Technical facts and figures for the family vehicle first seen at CES 2017 seem to be sparse, but that’s understandable given that it probably takes the biggest step forward of the three, and at this point would still be about a quarter-century from launch. However, Toyota also added the Concept-i Ride and Concept-i Walk to the lineup at the 20217 Tokyo Motor Show – two vehicles which not only represent the company’s take on the future of urban personal transport but also aim to help groups who may face mobility issues (such as wheelchair users and seniors). The concept-i ride could be the next evolution of the Japanese Kei-car or ultra-compacts like the Smart ForTwo or Toyota’s own IQ. It should be very easy to park at around two feet shorter than the aforementioned iQ, but the vehicle can also park itself if you want it to, and Toyota claims that wheelchair users can get in and out of Concept-i Ride even when using a regular parking space. Add in a range of 100 to 150km (62 to 93 miles) on a single charge and you get quite the potent little city-slicker – the principal party-piece of which is probably the extra-mobile and power adjustable driver’s seat. It’s centrally located but slides left and right too, enabling the driver to get in and out on either side – while the act of driving is made easier by the central driving position and pillar-less wrap-around windshield, with visibility and on-road positioning becoming even less of an issue than in current cars. Of course, Yui comes along for the ride too, offering autonomous drive whenever you request it, an extra pair of eyes and ears on the road, and the ability to communicate with others via exterior graphical display bars that are seen on all three vehicles. The cabin feels bigger than you might expect as well – there’s room for a passenger thanks to a fold-out seat behind that of the driver, and a retracting storage solution large enough for a folded wheelchair. This extra space comes courtesy of Concept-I Ride’s lack of conventional controls such as a steering wheel, foot pedals or gear shifter… The latter quirk is easily explained by the all-electric motor (which would have no gears to shift), while the pedals and wheel are replaced by joysticks built into the driver’s seat.
Things don’t have to stop there either, as you can then hop on your Concept-i Walk and cruise through pedestrianized areas. The key difference when compared to other similar vehicles – which require the user to shift their body weight to control heading and speed – is that Concept-i Walk again uses a joystick to produce movement. At the same time its three wheels and variable wheelbase – which gets longer as you go faster – would offer more stability than the currently-available competition and as a result, seniors and those with minor mobility issues should find the device to be very useful addition to their lives – but in truth anyone who can stand should be able to use the vehicle to its full extent. As Concept-i Walk is designed to work in and around foot traffic speed is limited to around 4mph, while range would be between six and twelve miles – but as it’s no wider than the average person’s shoulder width and shorter than the average stride length, amazingly this little marvel should take up less sidewalk space than someone who is actually walking! This makes Concept-i Walk great for busy urban environments, and users should find that Yui is equally at home wandering a shopping mall as it is weaving through highway traffic. Your AI friend will again keep you safe and make suggestions on routes, purchases, music etc., while the graphical display bars return to allow you to signal your intentions and otherwise communicate with pedestrians. The final clever little touch is what appears to be a small projection device mounted in the front of the machine, that can provide a Heads-Up Display to its operator by reflecting information off of nearby surfaces such as windows.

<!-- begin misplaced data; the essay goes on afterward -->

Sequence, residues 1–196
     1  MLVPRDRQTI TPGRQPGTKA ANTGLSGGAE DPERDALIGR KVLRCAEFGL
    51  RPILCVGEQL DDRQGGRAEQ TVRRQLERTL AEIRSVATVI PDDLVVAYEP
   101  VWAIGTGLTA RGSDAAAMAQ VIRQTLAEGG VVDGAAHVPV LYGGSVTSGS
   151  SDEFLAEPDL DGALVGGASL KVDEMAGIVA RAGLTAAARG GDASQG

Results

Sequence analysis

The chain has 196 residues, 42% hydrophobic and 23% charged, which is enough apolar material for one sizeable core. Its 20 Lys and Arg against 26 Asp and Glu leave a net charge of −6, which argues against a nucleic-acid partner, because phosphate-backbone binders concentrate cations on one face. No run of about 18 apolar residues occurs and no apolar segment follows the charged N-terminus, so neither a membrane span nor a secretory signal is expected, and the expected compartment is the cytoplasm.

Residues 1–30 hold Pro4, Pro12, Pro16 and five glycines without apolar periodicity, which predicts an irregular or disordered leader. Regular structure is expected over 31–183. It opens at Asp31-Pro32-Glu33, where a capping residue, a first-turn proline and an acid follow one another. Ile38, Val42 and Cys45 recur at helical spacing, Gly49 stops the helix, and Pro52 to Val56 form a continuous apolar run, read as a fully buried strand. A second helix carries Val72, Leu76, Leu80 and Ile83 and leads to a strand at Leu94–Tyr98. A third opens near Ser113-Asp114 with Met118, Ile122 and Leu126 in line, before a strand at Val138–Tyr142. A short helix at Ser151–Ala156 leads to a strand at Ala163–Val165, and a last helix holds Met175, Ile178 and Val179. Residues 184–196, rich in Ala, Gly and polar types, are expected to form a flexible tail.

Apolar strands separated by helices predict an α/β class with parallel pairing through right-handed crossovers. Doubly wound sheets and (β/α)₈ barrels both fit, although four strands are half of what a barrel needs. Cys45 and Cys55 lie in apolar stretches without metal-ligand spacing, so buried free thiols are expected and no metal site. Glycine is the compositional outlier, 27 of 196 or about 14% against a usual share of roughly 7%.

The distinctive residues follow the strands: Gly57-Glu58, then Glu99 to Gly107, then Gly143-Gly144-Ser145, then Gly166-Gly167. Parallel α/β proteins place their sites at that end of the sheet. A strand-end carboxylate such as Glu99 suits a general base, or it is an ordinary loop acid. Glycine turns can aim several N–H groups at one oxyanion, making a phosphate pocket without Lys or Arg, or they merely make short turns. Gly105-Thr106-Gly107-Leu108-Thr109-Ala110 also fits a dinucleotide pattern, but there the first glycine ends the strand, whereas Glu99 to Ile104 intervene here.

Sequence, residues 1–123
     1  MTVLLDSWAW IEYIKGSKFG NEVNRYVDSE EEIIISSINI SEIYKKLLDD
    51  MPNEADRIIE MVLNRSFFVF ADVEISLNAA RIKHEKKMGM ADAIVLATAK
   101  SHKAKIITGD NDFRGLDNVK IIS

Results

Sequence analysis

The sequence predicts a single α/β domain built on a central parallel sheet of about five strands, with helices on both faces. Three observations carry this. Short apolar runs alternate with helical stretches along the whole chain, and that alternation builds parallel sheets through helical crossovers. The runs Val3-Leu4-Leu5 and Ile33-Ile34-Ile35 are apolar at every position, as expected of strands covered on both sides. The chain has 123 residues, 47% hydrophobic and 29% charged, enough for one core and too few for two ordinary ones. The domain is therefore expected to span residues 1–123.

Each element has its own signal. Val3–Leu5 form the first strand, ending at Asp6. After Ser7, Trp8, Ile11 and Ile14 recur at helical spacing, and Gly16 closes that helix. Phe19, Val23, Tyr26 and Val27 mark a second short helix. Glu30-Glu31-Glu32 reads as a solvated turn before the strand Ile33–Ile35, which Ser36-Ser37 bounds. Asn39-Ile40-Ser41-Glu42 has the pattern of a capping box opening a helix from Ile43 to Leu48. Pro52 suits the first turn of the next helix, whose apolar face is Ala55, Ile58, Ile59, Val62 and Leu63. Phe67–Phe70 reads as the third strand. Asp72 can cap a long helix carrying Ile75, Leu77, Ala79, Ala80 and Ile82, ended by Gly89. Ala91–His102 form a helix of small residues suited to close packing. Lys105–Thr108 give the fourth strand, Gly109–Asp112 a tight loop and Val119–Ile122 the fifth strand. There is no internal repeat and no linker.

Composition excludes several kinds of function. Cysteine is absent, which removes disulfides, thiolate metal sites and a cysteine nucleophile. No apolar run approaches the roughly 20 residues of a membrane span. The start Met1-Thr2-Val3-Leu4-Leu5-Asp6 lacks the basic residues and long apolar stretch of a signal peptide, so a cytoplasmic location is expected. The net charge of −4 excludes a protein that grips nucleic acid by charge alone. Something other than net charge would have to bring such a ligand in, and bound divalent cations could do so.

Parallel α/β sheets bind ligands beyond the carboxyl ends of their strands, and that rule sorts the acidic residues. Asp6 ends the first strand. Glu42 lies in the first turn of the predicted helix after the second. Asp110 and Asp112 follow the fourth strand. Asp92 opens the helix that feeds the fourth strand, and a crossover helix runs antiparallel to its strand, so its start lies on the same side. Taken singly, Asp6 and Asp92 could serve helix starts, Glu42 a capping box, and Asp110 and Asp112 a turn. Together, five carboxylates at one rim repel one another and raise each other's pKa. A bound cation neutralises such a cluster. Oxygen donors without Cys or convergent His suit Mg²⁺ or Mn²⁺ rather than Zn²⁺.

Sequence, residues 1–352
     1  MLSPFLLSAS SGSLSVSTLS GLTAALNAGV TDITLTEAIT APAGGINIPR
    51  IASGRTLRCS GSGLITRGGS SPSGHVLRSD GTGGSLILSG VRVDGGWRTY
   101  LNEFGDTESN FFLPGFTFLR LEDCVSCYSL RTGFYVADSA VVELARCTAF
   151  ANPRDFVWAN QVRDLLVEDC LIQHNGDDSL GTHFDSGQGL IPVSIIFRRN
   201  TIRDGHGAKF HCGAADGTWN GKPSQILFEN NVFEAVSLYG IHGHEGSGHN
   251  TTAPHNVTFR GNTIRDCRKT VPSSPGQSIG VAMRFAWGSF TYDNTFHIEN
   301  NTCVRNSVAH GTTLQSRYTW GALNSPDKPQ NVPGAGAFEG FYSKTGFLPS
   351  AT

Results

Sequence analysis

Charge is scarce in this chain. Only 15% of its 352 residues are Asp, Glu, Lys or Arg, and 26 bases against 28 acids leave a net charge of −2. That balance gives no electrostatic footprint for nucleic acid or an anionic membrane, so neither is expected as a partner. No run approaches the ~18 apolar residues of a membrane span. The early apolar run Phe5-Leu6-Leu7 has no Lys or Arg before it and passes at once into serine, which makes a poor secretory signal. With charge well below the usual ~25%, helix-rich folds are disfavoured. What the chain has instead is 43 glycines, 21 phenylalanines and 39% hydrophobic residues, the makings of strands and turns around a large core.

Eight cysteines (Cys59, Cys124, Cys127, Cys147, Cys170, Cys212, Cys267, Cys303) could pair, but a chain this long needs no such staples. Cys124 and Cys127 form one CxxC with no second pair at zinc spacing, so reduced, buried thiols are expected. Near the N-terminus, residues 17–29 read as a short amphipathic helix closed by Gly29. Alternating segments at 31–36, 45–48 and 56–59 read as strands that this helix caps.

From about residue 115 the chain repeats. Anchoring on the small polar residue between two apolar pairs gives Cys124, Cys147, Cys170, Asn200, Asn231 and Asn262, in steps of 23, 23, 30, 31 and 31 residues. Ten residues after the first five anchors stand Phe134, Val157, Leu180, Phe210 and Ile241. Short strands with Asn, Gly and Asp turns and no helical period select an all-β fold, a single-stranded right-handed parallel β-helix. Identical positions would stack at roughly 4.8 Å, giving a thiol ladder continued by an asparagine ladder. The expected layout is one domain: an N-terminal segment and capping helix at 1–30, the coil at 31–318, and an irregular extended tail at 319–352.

We’ve said this before we’re sure, but with Yui and the whole Concept-i… concept (for want of a better term), Toyota once again has us very excited about
the future and what the company may bring to it. The best part of all is that the future may be closer than you think – while as a whole Concept-i is a vision of mobility from thirty years in the future, elements of the technology and features on display could begin to be implemented into road-going vehicles as early as 2020 – and we certainly hope that means the countdown to Yui’s arrival, is on….